Review: Mike Majkowski – Days And Other Days

a3724955662_16Electronic or acoustic. It’s always so hard to tell. Likely, it’s both: synth drones pulsing through thin sheets of wood, string friction augmented by digital processing, airflow perpetuated by machinery. Chimes are smeared into eerie dollops of bronze, resonating for far too long. Voices babble and drip – half baboon cries, half leaking tap – while harmonies ooze into eachother like thick paints crawling across a sloped palette, pushing bright reds into the edges of royal blues, turning rich and unequivocal signals into murks of conflict, overtone and uncertainty. On Days And Other Days, Mike Majkowski strikes a particularly disconcerting balance between recognition and the unknown. These compositions aren’t quite right. Imagine reaching out to touch surfaces of metal and wood and thread, those tactile materials that cradle the world we know, and finding that your hand plunges straight into them, fingers sinking into cold and colloid structures, still detecting a semblance of familiarity (wood splinters, smooth metallic sheen) amidst a sensation that’s otherwise alien and somewhat…nauseating?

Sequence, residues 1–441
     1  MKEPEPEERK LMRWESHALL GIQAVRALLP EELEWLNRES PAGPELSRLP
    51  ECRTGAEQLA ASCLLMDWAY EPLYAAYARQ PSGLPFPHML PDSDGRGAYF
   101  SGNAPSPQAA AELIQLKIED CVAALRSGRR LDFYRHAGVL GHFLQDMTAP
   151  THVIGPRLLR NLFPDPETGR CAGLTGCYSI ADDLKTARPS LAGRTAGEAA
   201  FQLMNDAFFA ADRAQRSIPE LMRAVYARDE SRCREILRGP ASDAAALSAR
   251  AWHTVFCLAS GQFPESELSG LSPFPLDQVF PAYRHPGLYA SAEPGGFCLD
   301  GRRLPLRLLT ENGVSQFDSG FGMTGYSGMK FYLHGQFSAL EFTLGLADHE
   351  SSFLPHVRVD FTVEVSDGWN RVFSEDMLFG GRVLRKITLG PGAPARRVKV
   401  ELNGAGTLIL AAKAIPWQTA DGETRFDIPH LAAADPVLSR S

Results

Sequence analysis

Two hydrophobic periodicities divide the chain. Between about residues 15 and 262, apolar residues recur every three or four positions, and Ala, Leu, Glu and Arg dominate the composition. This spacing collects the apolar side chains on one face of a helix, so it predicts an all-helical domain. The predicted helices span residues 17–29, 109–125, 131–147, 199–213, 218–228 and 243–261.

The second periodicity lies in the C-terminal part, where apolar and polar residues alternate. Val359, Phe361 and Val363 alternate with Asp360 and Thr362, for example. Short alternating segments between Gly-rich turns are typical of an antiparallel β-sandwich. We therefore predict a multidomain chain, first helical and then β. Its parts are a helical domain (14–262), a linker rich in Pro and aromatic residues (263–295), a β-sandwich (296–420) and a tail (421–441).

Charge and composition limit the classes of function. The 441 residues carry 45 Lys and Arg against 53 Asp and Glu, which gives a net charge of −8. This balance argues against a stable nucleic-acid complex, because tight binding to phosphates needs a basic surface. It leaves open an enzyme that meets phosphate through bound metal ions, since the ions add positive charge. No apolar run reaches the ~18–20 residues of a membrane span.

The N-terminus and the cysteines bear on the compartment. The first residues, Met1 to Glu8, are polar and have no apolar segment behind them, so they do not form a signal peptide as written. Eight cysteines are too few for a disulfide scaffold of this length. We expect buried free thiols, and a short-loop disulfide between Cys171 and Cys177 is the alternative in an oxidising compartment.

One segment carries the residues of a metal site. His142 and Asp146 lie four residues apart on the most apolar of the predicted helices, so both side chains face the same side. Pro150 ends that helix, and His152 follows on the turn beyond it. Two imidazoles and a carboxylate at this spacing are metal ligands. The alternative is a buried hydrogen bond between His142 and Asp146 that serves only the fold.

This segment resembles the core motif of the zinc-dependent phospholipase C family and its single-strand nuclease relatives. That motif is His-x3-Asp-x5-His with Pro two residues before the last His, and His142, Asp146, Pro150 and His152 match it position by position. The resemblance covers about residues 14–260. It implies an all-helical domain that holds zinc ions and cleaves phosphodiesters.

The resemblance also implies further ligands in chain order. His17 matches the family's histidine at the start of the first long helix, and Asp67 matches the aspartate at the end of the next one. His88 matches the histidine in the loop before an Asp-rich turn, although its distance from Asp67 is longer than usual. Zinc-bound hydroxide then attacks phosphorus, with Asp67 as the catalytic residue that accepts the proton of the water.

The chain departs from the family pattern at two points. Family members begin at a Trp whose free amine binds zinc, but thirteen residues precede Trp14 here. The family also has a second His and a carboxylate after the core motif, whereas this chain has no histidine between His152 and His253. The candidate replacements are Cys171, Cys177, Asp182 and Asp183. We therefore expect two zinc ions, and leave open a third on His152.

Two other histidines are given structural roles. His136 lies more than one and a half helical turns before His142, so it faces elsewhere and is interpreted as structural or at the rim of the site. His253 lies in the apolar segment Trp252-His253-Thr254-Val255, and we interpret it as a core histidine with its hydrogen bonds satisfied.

Structurally, these four tracks are clumped into the vague shapes of musical composition. There are “chord changes” (the gurgling feedback tilting back and forth on “Matter”) and moments of rhythmic synchronicity (the bass frequencies that push throbbing harmonics to the edges of the frame on “Chapter”, like breaths held and plosively released). The connections that run between these sounds are loose enough to draw their interdependence into question (am I forcing an illusion of coherence upon a gathering of sounds that just so happen to share the same pocket of audial space-time?), yet still strangely, inexplicably symbiotic. The shaker and drum that staggers into the latter half of “Matter” makes me smile. It’s the one sound that I can compute without a hitch. Metronomic, unprocessed, trying helplessly to impose simplistic rhythmic rationale upon a record that slides between states of indecision. A beautiful blur.

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